So without even looking at individual races, you can expect Republican losses of at least twenty seats. That would still give the GOP a slim 220-215 lead. Note that the Pubs have lost a net of 5 seats to the Dems since 2016, so the current standing is 240-195. That means the Democrats will need a net pick-up of at least 23 seats to give them a minimal but potentially ungovernable 218-217 edge and take over the House. Obviously, a 1-seat win for the Democrats would be tenuous at best, given the five seats the current House ruling party has lost since the last election.
At this point our guess is that the Democrats will pick up a net of 27 seats to take a 222-213 lead into 2019's Congress. It's far too early to get into the weeds of individual races - we know which races to watch, but trying to pick actual winners and losers six weeks out is getting a bit ahead of our skis. So our guess - and that is all anybody can do at this point - is based on the probability and the law of large numbers.
There are about 65 close races this year that could go either way. That number includes five that are so far gone in the opposite direction that they are almost certainly lost. Pennsylvania's Democrat-controlled Supreme Court has ordered a re-redistricting that takes 2 seats from the GOP and hands them to the Dems, while taking 1 seat from the Dems and handing it to the GOP. New Jersey's 2nd District seems lost to the GOP, while the retirement of Rick Nolan (D-MN08) seems certain to hand the district to former NHL player Pete Stauber (R).
So take the 60 remaining close races, subtract the four of which are Democrat against the 56 of which are Republican, split the net 52 GOP seats down the middle and count 26 pick-ups for the Dems. Add the net +1 of certain pickups for the Democrats and you get your Democrat gain of 27 seats.
Don't try to get more complicated than that. There are so many close races, in different parts of the country with different nuances, and we can't honestly know how each one is going to turn out. It's a crap-shoot, but, a very exciting, competitive and important election-night crap-shoot that will influence the future course of our nation. Like a game 7 of the World Series that goes about 30 innings. And unlike the Super Bowl or Stanley Cup, exciting suspenseful television, that's actually meaningful. Very meaningful!
Ah, television, you ask? Television? How do you make sense of all the action? Well, fortunately, we have created an election night TV Guide for the House races (Senate guide to come next month). What we've done is listed all the closest races, and ordered them by poll closing, so you know what to watch as the results initially trickle in and spool up into a raging torrent.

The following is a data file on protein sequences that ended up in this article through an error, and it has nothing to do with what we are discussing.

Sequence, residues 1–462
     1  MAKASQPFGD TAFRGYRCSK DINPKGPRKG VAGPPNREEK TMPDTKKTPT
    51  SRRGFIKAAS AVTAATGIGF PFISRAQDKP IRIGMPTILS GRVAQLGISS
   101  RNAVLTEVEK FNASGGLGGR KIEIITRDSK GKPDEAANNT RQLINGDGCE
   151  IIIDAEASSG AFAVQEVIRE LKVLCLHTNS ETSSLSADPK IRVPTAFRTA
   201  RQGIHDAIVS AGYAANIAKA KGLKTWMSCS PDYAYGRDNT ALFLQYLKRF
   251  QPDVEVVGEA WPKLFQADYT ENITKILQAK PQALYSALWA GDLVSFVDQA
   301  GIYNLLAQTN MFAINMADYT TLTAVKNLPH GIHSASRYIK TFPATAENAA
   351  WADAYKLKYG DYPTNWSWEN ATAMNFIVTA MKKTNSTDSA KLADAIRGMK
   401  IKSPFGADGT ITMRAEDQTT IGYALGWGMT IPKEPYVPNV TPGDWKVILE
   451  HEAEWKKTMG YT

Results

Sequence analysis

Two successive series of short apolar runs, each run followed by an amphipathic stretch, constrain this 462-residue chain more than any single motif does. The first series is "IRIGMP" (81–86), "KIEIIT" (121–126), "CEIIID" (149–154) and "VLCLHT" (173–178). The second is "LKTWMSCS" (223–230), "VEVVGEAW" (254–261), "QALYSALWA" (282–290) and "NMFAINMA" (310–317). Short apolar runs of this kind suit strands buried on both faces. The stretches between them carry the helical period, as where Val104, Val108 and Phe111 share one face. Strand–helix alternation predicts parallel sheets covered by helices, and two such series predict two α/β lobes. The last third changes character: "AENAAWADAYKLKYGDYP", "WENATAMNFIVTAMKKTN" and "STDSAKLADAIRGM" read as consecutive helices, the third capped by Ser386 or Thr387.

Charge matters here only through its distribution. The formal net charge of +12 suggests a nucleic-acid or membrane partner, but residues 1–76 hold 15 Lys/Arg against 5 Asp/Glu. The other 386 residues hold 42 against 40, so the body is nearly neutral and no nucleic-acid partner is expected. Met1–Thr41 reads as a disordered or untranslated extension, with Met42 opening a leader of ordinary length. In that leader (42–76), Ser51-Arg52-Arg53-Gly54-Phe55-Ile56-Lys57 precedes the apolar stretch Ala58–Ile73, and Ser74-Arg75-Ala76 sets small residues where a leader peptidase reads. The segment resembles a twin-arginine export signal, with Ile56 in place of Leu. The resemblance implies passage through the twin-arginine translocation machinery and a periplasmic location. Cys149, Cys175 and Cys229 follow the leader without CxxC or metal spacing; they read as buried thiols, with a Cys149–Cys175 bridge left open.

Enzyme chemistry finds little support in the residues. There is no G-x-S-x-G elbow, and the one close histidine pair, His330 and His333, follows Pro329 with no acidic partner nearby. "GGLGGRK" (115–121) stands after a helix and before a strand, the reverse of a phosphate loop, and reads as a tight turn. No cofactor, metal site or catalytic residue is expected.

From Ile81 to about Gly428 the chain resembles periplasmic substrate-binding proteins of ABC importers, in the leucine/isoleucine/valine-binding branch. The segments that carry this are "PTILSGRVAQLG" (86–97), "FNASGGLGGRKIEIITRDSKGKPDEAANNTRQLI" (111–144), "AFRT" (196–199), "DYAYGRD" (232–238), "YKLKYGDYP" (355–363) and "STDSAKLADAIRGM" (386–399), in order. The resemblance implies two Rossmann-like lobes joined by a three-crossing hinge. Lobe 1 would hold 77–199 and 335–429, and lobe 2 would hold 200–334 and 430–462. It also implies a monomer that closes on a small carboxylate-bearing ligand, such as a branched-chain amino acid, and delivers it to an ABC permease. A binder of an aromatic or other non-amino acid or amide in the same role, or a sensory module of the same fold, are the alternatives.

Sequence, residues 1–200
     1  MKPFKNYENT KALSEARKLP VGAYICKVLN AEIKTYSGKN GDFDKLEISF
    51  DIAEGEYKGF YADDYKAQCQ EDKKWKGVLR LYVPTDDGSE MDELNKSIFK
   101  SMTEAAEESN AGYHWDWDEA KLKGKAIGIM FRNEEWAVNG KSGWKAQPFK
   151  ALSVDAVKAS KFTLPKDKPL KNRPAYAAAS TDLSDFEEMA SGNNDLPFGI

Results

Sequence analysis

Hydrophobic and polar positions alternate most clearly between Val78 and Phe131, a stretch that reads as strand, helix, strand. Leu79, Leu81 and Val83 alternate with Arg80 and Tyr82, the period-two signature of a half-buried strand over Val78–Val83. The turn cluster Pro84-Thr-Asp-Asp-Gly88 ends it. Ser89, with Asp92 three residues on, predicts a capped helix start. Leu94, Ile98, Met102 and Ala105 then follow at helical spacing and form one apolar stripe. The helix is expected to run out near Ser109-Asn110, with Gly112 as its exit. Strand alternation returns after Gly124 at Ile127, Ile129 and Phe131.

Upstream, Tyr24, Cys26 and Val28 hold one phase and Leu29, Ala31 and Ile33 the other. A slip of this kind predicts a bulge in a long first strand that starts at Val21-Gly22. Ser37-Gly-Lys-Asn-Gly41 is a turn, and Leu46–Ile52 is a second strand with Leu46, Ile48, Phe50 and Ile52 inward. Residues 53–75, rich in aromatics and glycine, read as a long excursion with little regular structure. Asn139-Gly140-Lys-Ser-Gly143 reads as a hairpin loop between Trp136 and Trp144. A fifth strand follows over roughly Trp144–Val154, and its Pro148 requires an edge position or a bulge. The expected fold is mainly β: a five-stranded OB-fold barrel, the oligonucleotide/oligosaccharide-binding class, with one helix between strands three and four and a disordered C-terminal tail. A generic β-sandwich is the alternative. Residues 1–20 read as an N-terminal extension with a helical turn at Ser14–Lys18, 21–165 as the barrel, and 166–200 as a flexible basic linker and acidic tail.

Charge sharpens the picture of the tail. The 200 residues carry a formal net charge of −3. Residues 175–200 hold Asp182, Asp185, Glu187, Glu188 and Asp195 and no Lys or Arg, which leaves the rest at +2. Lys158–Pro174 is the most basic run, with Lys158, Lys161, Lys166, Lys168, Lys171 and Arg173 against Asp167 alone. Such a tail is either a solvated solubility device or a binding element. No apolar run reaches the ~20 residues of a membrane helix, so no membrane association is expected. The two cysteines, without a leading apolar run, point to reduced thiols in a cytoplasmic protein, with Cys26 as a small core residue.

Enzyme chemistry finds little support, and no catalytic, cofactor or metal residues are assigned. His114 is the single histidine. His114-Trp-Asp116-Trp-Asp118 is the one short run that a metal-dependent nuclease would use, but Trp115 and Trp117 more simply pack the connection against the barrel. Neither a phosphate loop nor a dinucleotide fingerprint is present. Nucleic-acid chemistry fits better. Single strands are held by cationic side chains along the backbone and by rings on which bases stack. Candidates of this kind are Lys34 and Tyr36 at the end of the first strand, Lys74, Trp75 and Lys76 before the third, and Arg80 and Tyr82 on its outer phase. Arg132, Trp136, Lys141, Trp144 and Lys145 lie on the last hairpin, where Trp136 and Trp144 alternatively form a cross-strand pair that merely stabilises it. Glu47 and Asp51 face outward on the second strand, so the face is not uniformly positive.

The first thing to know is that the earliest poll closings are in Indiana and Kentucky, 6pm local. Note that both of these states are split between Eastern and Central time, so the polls in the smaller western ends of the states close at 7pm Eastern time .
The most important House race in these states - Kentucky's 6th District comprised of Lexington and its surrounds - is wholly contained within the Eastern time zone. This district is widely seen as the first clue of how the whole night could go - a Democrat pick up could point to a wave election in favor of the Democrats capturing the House, while a GOP hold in KY06 could indicate a save by the Republicans.
Two other races to watch early are Indiana's 2nd and 9th Districts. These districts are marginally competitive and we fully expect the Republican incumbents (Walorski and Hollingsworth) to hold them. A hyper-competitive Senate race ensures voter engagement on both sides, so there shouldn't be any flukes in Indiana where one side or another forgets to show up. Margins outside of the 10-15% range for Walorski or 5-10% for Hollingsworth should indicate a good night for the GOP (above the range) or a good night for the Democrats (below the range).
At 7pm the polls close in five more states (FL, VA, GA, as well as VT and SC) bringing the total to seven states reporting. We don't expect surprises in Vermont or South Carolina, and the only marginally competitive seats we see in Georgia are GA07 and GA06. If the GOP loses GA07 it will be a long night; if they lose GA06 it will seem like an eternity.
Florida has two incredibly tantalizing races in the southernmost part of the state, the 26th (the Keys) and 27th (South Beach and South Miami) districts.
You would think that the Keys would be easy for the Republicans, but don't forget “the Keys” includes the end of the line, the Mecca of the Misfits, Key West. If you figuratively pick up America and give it a good shake, those without a firm grip would break free, fall to the bottom, and finally come to a rest in Key West. These aren't your prototypical GOP voters, but overall the Pubs should hold FL26.